Defn: a human male displaying evidence of devolution - exhibits distinctive "caveman-like" tendencies. This man often dribbles in public places; cannot drink a beverage without spilling it on himself, the floor or someone else; may also run into objects like lampposts & bushes; has a definite "sloopish & short legged" running style that is slow and low to the ground, often resulting in the dragging of knuckles.

These throwback neanderthals, along with their questionable diet, should clearly be avoided.

Tuesday, October 7, 2014

Stump Jump 50K race report

I don't really feel like writing a race report.   Not just because I didn't have the race that I wanted to - but because me whining and complaining about my race is not worth it, instead it is rather futile and meaningless when it comes to the fate of my fellow runner. 

Falling over 4 times during the race, getting stuck in the early part of the race for miles at a time behind trains of 20 to 30 runners at a time on slow and narrow single track, getting lost and off trail - twice, once for over 15 minutes - getting a ridiculously silly looking series of scratches that begin near my belly button, goes up across my stomach and ends below my armpit - looks like I was swiped by a bear (it was really just a bramble branch about as thick and mean as barb wire fence - but just a flesh wound - with a pretty display of blood that I had for 3 1/2 hours out on the trail).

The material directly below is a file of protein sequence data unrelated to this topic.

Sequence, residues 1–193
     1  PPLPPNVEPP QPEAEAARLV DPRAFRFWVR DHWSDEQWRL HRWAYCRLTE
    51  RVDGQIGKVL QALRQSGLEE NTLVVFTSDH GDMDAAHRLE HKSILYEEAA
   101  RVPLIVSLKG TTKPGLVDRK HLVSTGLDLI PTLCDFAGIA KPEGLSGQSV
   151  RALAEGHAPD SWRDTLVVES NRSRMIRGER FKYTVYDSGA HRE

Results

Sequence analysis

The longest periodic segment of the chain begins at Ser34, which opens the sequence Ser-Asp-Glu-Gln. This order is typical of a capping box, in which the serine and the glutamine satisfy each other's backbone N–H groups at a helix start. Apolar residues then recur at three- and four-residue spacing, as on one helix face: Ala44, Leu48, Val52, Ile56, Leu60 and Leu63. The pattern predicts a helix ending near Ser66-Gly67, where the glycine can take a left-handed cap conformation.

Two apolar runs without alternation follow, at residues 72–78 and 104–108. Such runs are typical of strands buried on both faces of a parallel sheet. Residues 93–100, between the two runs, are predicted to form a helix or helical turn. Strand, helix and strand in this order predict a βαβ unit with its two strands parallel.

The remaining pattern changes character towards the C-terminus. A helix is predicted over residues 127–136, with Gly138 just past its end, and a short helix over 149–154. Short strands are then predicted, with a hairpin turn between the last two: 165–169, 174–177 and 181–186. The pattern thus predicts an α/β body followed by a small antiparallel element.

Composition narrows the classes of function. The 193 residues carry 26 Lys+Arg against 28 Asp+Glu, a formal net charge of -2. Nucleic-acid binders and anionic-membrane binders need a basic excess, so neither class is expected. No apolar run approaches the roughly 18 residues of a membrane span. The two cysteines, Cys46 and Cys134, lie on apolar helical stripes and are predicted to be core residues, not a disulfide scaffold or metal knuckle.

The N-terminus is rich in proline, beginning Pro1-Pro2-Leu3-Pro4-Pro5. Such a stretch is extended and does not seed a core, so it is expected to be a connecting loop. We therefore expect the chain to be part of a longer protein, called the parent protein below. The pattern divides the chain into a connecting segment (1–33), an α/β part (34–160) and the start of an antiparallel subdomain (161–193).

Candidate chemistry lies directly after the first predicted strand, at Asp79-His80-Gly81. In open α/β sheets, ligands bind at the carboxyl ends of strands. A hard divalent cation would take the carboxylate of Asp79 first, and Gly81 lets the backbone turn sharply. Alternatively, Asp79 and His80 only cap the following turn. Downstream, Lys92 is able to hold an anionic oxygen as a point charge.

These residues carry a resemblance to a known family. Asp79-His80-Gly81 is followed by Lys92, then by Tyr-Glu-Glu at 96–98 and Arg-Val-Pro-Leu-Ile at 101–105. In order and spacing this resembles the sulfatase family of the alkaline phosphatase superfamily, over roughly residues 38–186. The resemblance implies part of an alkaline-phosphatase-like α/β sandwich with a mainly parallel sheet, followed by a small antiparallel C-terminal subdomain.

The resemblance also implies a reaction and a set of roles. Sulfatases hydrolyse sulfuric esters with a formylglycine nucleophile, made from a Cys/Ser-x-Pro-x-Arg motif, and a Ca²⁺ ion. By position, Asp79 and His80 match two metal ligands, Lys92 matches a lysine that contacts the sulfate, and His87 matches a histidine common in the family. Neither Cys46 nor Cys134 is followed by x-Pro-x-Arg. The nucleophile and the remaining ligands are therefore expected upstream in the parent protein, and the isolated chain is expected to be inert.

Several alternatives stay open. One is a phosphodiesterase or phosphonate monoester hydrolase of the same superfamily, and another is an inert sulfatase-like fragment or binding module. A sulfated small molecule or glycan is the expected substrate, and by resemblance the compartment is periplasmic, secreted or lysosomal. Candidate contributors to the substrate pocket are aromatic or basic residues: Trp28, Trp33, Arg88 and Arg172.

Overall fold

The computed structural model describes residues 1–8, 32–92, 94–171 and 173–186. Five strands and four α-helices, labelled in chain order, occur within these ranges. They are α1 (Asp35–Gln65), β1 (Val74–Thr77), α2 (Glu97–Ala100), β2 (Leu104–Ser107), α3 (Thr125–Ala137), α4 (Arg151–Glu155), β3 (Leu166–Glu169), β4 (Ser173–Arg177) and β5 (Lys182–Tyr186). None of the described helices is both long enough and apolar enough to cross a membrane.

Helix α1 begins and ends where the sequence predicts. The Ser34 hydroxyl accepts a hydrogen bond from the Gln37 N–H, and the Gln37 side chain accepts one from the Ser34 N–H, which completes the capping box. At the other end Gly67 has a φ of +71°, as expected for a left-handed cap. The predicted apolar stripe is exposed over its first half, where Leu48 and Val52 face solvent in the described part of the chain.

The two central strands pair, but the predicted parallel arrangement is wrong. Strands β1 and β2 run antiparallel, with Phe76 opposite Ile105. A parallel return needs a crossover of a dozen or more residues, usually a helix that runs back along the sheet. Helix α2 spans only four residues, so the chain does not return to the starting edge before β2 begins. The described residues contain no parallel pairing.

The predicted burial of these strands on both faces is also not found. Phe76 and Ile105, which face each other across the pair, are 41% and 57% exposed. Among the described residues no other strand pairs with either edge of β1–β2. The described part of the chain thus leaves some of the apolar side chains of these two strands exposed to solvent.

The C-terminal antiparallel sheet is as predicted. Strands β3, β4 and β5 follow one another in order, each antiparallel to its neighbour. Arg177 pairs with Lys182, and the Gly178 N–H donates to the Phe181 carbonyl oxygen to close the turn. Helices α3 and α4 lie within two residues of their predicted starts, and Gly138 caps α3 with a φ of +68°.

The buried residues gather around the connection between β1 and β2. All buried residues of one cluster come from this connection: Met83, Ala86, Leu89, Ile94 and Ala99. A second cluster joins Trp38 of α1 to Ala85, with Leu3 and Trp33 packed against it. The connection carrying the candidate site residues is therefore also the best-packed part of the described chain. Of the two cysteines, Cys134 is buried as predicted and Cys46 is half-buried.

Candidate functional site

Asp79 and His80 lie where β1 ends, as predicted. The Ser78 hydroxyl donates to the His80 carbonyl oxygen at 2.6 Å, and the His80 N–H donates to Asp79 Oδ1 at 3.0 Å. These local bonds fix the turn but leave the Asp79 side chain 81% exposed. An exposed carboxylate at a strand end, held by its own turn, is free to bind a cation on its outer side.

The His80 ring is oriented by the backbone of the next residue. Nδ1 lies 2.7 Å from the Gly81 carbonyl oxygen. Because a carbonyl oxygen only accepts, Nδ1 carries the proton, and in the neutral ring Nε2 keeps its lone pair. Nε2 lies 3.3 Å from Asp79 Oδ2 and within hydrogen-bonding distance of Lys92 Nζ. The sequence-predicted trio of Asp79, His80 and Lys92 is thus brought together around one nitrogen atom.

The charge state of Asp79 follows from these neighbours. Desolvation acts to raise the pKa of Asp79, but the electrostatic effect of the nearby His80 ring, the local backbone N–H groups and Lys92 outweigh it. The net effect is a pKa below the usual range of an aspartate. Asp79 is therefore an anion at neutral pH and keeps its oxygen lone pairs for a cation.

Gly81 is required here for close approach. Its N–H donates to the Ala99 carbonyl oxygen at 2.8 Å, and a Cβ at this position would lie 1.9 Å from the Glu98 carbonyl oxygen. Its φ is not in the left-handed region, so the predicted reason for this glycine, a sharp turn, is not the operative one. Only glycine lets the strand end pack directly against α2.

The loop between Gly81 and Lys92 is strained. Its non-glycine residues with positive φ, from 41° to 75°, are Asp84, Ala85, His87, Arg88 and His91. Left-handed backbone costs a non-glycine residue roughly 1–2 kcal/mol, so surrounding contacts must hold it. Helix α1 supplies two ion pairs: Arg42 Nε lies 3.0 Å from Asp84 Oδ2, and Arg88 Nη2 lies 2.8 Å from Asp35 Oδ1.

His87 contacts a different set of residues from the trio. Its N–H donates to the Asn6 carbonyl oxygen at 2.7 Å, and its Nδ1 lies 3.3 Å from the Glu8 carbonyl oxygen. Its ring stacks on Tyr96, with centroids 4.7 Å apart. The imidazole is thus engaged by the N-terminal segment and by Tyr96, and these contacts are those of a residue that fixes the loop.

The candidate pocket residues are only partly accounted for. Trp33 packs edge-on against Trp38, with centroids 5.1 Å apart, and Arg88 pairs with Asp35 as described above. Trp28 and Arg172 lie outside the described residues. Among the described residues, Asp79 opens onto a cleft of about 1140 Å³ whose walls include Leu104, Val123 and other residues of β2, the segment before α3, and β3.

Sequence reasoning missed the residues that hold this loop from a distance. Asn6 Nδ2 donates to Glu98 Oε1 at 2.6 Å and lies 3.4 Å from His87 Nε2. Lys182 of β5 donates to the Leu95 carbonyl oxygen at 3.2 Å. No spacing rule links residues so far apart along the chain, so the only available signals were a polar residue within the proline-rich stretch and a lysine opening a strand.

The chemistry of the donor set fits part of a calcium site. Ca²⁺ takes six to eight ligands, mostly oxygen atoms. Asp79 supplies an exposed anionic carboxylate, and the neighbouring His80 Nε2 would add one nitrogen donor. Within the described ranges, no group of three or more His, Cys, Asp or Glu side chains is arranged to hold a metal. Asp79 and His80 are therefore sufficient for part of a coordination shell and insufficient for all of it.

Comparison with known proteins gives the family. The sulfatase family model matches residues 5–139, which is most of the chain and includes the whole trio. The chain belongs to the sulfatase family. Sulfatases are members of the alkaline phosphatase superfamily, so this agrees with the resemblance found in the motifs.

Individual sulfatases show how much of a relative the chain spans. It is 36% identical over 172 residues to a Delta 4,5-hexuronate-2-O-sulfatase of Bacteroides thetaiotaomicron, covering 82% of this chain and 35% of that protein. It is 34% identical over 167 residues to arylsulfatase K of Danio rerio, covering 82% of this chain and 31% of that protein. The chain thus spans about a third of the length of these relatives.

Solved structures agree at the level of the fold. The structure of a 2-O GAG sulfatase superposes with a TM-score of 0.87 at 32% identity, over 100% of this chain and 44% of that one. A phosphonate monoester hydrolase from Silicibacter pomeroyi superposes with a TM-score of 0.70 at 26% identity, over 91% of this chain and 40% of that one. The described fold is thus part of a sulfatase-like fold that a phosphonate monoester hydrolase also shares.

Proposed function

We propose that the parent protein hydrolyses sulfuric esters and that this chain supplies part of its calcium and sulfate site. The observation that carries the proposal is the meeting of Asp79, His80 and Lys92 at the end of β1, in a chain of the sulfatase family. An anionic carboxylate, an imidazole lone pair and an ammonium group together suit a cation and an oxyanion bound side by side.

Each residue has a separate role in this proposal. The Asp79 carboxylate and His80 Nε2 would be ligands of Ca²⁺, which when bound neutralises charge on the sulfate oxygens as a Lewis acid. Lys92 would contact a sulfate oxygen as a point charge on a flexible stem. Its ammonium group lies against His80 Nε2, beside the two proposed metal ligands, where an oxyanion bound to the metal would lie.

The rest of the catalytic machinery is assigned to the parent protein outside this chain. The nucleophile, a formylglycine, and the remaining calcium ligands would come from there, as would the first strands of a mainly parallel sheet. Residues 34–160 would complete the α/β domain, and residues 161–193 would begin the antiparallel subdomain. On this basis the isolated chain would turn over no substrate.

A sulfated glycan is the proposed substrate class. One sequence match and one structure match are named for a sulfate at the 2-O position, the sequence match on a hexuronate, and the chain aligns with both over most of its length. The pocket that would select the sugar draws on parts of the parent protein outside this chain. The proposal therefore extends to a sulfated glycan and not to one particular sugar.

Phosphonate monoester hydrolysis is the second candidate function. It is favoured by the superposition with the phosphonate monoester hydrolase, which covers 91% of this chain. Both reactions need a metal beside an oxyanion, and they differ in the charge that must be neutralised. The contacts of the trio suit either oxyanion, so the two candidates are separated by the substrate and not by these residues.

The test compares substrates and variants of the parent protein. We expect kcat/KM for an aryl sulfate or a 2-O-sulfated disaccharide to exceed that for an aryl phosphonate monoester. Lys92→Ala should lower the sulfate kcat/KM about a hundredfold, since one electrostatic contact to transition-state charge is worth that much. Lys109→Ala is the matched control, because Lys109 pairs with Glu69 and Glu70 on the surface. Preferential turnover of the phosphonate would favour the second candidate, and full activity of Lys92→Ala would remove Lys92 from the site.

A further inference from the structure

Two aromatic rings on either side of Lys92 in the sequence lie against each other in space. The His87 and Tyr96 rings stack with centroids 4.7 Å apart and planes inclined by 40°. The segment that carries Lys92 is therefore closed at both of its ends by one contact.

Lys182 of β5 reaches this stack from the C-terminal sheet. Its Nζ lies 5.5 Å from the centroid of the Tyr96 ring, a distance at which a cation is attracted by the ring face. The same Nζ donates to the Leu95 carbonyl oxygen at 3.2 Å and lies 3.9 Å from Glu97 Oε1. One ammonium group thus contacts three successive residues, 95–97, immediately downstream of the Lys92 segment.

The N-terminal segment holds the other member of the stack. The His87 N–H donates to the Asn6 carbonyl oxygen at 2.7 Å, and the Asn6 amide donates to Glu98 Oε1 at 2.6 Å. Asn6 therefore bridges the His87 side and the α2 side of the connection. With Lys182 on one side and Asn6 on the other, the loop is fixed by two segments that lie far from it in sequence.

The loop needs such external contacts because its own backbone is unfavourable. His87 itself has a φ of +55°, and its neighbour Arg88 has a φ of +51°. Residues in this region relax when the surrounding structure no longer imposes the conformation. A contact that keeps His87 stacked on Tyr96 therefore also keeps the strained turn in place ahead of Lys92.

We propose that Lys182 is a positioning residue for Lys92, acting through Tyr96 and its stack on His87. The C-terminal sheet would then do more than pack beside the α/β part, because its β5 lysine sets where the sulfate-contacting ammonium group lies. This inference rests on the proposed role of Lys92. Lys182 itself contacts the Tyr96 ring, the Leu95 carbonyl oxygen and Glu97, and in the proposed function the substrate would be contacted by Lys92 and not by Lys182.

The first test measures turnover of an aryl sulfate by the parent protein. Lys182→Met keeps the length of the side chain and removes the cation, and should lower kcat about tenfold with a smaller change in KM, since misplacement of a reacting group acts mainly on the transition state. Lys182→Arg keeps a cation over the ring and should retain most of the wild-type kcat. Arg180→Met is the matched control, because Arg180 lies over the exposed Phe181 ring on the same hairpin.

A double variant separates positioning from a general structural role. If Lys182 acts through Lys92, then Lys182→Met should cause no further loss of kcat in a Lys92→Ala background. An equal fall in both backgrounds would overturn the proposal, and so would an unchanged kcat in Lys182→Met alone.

I finished the race with a grumpy mindset - one that I carried for the final 3 hours after getting lost and finally finding my way back to the trail.  I was a grump due to falling short of a time goal (5 1/2  hours) that in hindsight was easily attainable if I hadn't gone off trail - it also would have been in reach if I started out smarter, meaning further towards the front of the field instead of over 100 places deep for the first 8 to 10 miles.   I finished the race feeling grumpy and yet not feeling sore or even very fatigued.  So much so that I have run each of the days since (no more than 4 miles at a time).

I finished the race and within 2 minutes was thinking about trying to find and sign up for another 50K or even a 50 miler in the next month or 2 (I probably won't).  I finished the race and  I wanted to get out of Chattanooga and away from the race quickly so as to drive back to Nashville and hang out with my sister and her family.  I didn't stick around to pick up an age group award - instead just drove the 2 1/2 hours in stinky, dirty, bloodied running clothes.   I just wanted to get the race out of my mind.  I did have a good visit with family for the next few days before flying back to Colorado on Monday night.

When I got home I checked my email - first, one with the final results: 5 hours, 35 minutes and change.  35th overall out of 323 finishers.  1st in my age group.  I knew these things before I left the race on Saturday.  I didn't know about what was in the next email.........

I never did meet Gary Jacks.  I shared a trail with him on Saturday in Chattanooga Tennessee.  Some time after I had finished my race and already left the area - tragically, Gary did not finish that race.  He passed away while still out on the course.

I know now that I will not ever forget this race, and while I doubt I will do that race again, one thing I will do is forever to be grateful to finish a run, and I hope it will be every run - no matter how far, no matter how long, no matter how sore, or tired, or hurt.  If I finish every run - I will try to remember Gary Jacks and remember that he didn't get to finish his last run.

Wednesday, October 1, 2014

Tip Toe-ing along the Taper Trail